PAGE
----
But we have this treasure in clay jars, so that it may be made clear that this extraordinary power belongs to God and does not come from us. (NRSV)
Someone who wonderfully cared for the severely disabled is found to be sexually immoral and manipulative. Someone who has brought many to Christ is discovered to be a liar and an adulterer. Someone who has led a church which has blessed so many other churches around the world is reported as guilty of harassment and bullying.
All this can make us wonder at the integrity of their ministry. While we rightly condemn such behaviour and feel a betrayal of trust, we ought not take the extra step and assume such misconduct invalidates their ministries.
As our text reminds us, God uses fragile and fallible people to achieve his purposes. A clay jar is not worthless: it does perform an important function. The failures of prominent or less prominent individuals need not blind us to the good they have otherwise achieved. Proper condemnation of wrongdoing does not undo the right and proper things they have done.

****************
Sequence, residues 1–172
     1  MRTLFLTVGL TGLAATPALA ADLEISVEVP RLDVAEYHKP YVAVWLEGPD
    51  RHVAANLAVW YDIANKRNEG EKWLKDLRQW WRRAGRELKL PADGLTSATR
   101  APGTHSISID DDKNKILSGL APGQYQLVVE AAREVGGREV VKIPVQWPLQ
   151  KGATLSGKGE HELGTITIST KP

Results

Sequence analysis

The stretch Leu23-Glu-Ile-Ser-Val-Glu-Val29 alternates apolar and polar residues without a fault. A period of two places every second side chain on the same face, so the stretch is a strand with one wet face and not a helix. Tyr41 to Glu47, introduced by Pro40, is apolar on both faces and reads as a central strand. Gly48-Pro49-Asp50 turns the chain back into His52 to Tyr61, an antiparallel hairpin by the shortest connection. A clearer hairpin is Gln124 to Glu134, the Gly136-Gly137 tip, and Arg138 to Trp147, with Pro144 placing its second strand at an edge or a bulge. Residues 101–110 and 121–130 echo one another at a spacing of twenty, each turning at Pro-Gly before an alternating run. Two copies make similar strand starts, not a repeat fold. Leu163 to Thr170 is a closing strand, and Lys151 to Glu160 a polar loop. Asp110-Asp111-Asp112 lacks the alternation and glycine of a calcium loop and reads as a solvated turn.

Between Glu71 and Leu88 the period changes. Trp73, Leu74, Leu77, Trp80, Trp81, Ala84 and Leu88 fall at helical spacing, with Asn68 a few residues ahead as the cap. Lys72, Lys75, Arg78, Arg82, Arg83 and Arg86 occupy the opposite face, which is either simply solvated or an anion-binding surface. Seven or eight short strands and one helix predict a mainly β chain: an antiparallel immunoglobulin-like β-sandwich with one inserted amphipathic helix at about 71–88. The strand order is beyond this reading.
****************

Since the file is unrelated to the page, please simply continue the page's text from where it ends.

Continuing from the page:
It seems in our rather mixed-up world that people can be blessed by those who have also done great harm. In no way does that excuse the harm or imply the person never suffers the consequence of that harm. But anyone who does good to us and for us is a clay jar, capable of both right and wrong.
As St Ignatius said, God uses crooked sticks to draw straight lines.
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